Prior to each bone biopsy physical examination is performed, body weight and patient height are assessed using a stadiometer with integrated weighing scale (BWB 700, Tanita). Fasting blood samples are drawn from all patients between 8:00 and 10:00 a.m. Routine blood and urine analyses are performed at the Vienna-based Central Laboratory of the St. Vincent Group. Routine blood tests include a whole blood count, serum potassium, sodium, calcium and phosphate as well as PTH, 25-(OH)-vitamin D, TSH, kidney and liver function parameters and total testosterone measurements in male patients. Calcium and phosphate excretion is measured from a 24-hour-urine collection. Moreover patients undergo dual-X-ray-absorptiometry (DXA) scanning of the hip and spine (Lunar iDXA, GEHealthcare). In case of inconclusive DXA measurements due to degenerative alterations QCT of lumbar spine and hip is performed. To complete clinical work-up, vertebral fracture status is analyzed by anterior-posterior and lateral x-ray-studies of the thoracic and lumbar spine. The images are read by an experienced radio­logist trained for Genant scoring [19].

Biochemical Bone Markers

Per patient 2 ml serum is stored in 1 ml voids at –70°C for batched bone marker double analysis at the Department of Laboratory Medicine of the Medical University of Vienna. Bone markers are measured using electrochemiluminescence-immunoassays (ECLIA; beta-CrossLaps (CTX), N-MID Osteocalcin (OCN), total N-terminal type I procollagen propeptide (P1NP); all Roche Diagnostics) on a Modular Analytics E170 device (Roche Diagnostics).

Pre-interventional procedure — Labelling with tetracycline

On days –21/–20/–19 and days –8/–7/–6 before biopsy, 2000 mg tetracycline are administered orally to visualise mineralisation. (Tetracycline double labelling is performed routinely to retain the option for a later post hoc quantitative analysis of the bone specimen and dynamic histomorphometry) [16]. However, this procedure is not necessary to gete a histopathological diagnosis, which can also be achieved by static histomorphometry, without labelling. Mineralized bone histology after tetracycline double labelling is the only way to establish absence or presence of mineralization defect or evident osteomalacia with or without concomitant osteopenia (Tab. 3).

Technique of transiliac Bone Biopsy

Prior to the biopsy the patient is monitored (blood pressure, oxygen saturation) and receives oxygen continuously. Sedoanalgesia is performed by using midazolame and propofol (1%) intravenously and lidocaine (1%) subcoutaneously.

The transiliac biopsy is taken after incision of the skin from an area situated 5-8 cm below the anteriorsuperior iliac spine and 8 cm below the summit of the iliac crest using a manual trocar with 6-mm inner diameter. In order to perform histomorphometry and structural analysis as well as gene expression testing, each patient undegoes two parallel-oriented, left transiliac bone biopsies (Fig. 2). Using a trephine needle, all biopsies are carried out under sterile conditions at the local operating theatre. Both biopsy cylinders (inner diameter = 7mm) are first visually examined. This method produces a sample with cortex at both ends (6 : 8 mm) which is a representative volume of iliac bone in its entirety, i.e. as an organ, and permits the measurement of trabecular and cortical parameters and the transition areas like the endoresoptive area (Fig. 3). The procedure lasts about 12–15 minutes.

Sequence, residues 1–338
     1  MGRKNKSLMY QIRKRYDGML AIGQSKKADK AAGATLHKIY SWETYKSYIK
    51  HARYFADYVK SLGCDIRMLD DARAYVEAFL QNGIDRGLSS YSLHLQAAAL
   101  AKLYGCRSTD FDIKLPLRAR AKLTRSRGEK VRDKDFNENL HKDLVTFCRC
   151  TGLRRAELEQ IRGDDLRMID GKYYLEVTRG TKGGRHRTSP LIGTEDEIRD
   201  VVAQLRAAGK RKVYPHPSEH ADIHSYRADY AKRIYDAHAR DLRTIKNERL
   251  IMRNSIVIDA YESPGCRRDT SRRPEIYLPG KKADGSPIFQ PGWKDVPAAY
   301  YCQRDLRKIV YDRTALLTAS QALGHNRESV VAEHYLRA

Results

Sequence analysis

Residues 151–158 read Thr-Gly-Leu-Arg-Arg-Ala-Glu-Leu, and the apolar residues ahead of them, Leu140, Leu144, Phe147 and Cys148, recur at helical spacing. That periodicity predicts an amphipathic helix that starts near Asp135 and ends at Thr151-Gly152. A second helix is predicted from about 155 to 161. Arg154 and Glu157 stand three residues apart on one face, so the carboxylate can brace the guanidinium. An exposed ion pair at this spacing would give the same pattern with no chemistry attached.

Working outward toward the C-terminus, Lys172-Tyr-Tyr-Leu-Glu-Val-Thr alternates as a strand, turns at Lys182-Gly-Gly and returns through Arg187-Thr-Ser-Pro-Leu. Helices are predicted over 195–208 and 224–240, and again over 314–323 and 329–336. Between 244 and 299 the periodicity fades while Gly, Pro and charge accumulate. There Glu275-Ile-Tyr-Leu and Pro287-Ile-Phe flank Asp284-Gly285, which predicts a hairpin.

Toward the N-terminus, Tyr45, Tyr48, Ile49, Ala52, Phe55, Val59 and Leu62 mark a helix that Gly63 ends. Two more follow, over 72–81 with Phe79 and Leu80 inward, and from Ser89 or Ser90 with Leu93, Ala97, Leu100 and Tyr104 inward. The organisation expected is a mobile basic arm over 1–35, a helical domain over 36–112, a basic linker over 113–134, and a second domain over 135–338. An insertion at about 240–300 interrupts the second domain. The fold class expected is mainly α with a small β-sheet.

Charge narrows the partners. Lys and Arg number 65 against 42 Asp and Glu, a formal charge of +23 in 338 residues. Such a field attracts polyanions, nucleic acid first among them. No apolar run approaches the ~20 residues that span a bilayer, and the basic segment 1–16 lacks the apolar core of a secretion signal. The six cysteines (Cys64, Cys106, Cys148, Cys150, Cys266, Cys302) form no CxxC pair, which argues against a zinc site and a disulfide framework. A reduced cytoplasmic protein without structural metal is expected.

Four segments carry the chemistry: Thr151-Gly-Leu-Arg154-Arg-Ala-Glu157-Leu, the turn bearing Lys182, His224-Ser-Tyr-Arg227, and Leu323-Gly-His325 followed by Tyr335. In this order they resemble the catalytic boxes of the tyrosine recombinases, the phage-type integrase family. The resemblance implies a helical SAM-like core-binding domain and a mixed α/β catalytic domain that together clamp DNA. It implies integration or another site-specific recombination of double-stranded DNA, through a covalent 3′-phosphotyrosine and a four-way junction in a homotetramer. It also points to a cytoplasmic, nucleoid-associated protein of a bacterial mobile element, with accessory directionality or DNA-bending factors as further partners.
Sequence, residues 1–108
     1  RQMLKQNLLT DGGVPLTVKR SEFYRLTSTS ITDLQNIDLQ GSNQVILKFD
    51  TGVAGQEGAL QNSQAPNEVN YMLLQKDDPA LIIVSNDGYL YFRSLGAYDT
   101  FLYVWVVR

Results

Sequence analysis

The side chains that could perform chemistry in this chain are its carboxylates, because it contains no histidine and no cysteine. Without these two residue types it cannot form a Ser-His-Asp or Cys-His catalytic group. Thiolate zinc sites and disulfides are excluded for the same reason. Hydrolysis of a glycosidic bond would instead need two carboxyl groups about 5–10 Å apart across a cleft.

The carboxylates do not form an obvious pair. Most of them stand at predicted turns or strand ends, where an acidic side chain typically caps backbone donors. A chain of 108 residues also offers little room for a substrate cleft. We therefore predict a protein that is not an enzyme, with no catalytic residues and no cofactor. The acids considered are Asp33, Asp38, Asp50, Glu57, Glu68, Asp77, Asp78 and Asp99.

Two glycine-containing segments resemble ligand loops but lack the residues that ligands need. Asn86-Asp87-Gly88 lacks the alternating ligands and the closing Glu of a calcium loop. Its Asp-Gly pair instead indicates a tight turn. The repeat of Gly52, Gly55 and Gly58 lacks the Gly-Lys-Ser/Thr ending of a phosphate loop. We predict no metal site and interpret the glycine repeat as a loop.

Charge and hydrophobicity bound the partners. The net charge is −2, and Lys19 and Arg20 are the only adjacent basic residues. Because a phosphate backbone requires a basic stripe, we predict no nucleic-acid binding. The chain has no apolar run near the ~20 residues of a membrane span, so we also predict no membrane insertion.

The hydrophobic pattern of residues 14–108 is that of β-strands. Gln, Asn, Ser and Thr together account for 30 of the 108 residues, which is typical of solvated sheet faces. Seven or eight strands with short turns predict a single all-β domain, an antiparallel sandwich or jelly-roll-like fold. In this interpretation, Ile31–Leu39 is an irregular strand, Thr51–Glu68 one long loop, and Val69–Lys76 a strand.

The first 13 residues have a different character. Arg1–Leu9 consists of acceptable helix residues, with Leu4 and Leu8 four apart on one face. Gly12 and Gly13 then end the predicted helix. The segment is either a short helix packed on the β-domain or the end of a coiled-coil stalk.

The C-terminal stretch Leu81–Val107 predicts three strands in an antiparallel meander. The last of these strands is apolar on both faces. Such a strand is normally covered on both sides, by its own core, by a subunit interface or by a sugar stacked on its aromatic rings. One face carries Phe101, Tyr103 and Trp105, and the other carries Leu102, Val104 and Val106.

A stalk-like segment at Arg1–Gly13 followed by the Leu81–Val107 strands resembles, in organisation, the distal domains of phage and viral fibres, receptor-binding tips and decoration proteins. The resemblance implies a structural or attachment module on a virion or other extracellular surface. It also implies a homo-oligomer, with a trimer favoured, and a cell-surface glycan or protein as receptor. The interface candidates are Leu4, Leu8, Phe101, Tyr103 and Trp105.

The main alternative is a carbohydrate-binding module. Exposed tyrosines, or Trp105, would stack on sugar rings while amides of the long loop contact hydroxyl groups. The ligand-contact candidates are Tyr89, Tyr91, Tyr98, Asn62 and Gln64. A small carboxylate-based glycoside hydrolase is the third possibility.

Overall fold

The larger, more intact sample is selected for subsequent histomorphometric and structural analysis and is placed in 70% ethanol. The second biopsy is immediately submerged in RNA-Later (Ambion) after dissection of cutaneous, fatty or muscular fragments, stored as instructed by the manufacturer and shipped on dry ice to the Medical University of Vienna.

After biopsy, patients are advised to maintain bed rest with the biopsy site on a sand sack for a period of 6 h and patients should refrain from hard work for at least 3–4 days. Normally, the 3–4 stitching are removed after 14 days. Local side effects are seldom, mostly due to early movements of the patients including local hematoma. None of the patients had a post interventional wound infection so far.

Histology and Histomorphometry

Processing of the bone samples is performed without decalcification as described previously [19, 20]. Sections of 5–8m thickness are cut, and Goldner and Giemsa staining are performed; Specimen processing for histology is performed according to Roschger et al. [22, 23]. All ‘structure’-biopsies are ethanol-fixed, dehydrated and polymethylmethacrylate-(PMMA)-embedded. The sections are prepared with 2-methoxyethyl-acetate before being stained with a modified Goldner’s Trichrome method. Histological analyses are performed according to Parfitt et al. [24] on the whole area of the bone sections. In order to exclude malignant causes of osteoporosis such as lymphoma or mastocytosis, a certified pathologist performs routine assays (Fig. 4). A light microscope (Axiophot, Zeiss, Oberkochen, Germany) equipped with a Zeiss AxioCam videocamera is used to obtain digital images of the sections. The images are analyzed using standard procedures (NIH Image software versions 1.62 and 1.63, Wayne Rasband, National Institutes of Health, Bethesda, MD) on a Power Macintosh G4. For the male patients structural parameters and static parameters of bone formation and resorption are usually compared with published normative data from men aged between 41 and 50 years [25].